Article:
Wally Weitz On Discretionary Cash Flow, Good Management  

Wally Weitz On Discretionary Cash Flow, Good Management   

Wally Weitz started Weitz Asset Management in 1983 with $11 million in assets under management (AUM). The fund currently has almost $6 billion in AUM with a team of 11 people since its establishment more than three decades ago.

During a recent interview with Columbia Business School’s Graham & Doddsville, Mr. Weitz said his investment style was influenced by the value investing philosophy of Benjamin Graham and Warren Buffett.

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According to Mr. Weitz, he has been paying close attention to Mr. Buffett for 40 years. He said, “I have attention to Warren over the years. A lot of what I try to do has roots in what I’ve learned from him.”

Mr. Weitz said his investment team is a little unconventional because they are willing to hold cash and they manage concentrated portfolios. He added that Weitz Asset Management does not manage to any particular benchmarks. According to him, everyone on his team has “virtually all of their investable funds and all their retirement assets are invested” in the funds of Weitz Asset Management.

Weitz focuses on discretionary cash flow

When asked about the investing style of his firm, Mr. Weitz explained that his team thinks like business owns. He said they believed that that the value of a business is the present value of the cash a business would generate in the future.

Mr. Weitz emphasized that his team focus on discretionary cash flow—money that could be taken out of the business, but which the owner might reinvest voluntarily in the company.

He explained that is team estimates future cash flows by making judgments on the on the sustainability of the company’s business model and its competitive moat.

“We try to have a general sense of the economic environment, but we do not want to depend on making correct macro-economic predictions.” According to him, if the price of a stock is lower than the amount an intelligent investor would pay for the entire business, there is a strong possibility that something positive will happen on the stock.

Mr. Weitz said his team uses a 12% discount rate in determining discounted cash flow models. He emphasized that they always want a 50% discount, but in recent years, Weitz Asset Management have been paying 60% or 70%. Mr. Weitz said valuations have increased, and it is possible that their valuation methods have been too conservative.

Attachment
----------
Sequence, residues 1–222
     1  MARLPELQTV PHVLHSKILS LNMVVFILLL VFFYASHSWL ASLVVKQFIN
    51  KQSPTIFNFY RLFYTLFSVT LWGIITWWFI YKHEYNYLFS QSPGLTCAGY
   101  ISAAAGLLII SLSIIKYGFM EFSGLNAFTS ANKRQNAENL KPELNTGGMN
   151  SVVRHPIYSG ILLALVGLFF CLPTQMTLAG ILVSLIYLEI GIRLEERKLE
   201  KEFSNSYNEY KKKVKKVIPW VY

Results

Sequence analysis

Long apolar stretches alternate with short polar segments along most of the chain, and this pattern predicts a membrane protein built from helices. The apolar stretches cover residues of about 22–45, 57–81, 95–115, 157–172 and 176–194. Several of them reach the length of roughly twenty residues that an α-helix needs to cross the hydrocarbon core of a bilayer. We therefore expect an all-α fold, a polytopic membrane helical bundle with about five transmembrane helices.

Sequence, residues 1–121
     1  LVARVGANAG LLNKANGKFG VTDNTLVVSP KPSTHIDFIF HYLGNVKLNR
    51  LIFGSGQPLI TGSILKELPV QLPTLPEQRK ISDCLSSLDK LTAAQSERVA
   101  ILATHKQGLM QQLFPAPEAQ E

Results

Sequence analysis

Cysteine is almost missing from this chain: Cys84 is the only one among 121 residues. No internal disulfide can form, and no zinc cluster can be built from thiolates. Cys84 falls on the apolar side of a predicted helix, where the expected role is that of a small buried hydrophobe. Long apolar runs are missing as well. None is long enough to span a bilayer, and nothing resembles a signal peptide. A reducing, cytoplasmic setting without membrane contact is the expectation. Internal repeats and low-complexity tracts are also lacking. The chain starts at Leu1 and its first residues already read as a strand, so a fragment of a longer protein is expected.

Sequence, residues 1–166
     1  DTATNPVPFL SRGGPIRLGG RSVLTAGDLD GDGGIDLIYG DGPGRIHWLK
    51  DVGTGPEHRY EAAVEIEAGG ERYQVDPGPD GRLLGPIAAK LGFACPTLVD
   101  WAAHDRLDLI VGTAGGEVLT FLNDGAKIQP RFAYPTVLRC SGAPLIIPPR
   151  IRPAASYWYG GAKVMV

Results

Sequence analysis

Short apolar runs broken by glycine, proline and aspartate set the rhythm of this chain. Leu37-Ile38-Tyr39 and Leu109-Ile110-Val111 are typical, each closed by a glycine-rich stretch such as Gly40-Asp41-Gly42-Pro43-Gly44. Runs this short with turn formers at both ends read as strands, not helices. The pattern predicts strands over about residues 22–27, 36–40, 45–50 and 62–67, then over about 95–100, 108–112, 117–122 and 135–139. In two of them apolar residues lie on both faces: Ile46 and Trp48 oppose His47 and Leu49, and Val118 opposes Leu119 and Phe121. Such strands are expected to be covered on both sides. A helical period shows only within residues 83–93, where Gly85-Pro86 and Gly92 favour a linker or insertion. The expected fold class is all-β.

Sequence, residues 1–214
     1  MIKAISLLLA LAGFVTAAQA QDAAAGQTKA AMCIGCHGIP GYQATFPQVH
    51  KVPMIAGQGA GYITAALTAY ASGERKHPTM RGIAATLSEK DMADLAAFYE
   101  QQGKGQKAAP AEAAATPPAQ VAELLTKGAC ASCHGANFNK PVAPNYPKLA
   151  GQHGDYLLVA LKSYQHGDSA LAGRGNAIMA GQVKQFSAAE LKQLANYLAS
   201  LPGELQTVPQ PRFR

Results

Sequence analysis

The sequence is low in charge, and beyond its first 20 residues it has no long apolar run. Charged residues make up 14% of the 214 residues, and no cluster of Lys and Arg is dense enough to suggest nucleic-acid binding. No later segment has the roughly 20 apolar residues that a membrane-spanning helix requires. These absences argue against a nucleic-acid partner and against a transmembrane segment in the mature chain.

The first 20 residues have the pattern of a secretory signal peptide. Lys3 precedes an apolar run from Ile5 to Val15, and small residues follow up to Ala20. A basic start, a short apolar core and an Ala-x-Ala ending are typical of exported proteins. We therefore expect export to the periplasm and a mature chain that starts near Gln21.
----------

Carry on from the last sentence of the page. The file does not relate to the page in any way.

Mr. Weitz became more comfortable paying for higher multiples for higher quality business, which was notable. He mentioned Munger’s principle that “a great business is worth paying up for.”

“Learning where to draw the line between paying up for quality and accepting a flaw because because of a cheap price is part of the fun of investing,” said Mr. Weitz.

Management is a major consideration

Mr. Weitz pointed out that management is a major consideration when it comes to investing. He noted a statement from Buffett that it is good to buy a company that any idiot can run because sooner or later, an idiot will be in-charge.

He said, “if we’re buying companies that can generate excess cash, it’s terrific if we can trust management to do something smart—accretive to per share business value—with that cash.”

Mr. Weitz pointed out that “management makes a huge difference in all kinds of businesses, and it is critical when dealing with leverage.” According to him, he like Liberty Global plc (NASDAQ:LBTYA) (NASDAQ:LBTYB) (NASDAQ:LBTYK) because Mike Fries is a good operator and John Malone is making sure that they are managing the company’s balance sheet. He emphasized that Malone is just like Buffett, who has done wonders with discretionary cash over the years.

“We like to invest with managers we trust to treat us fairly—to treat us as partners rather than necessary evils,” said Mr. Weitz.

He added that his team wants to know if a company’s management has a good, long-term business plan and if it has a sense of executing its plan well. Furthermore, his team wants to trust a management with capital allocation—investing in the business when there are good opportunities to compound value and return capital to shareholders.

See the full interview here

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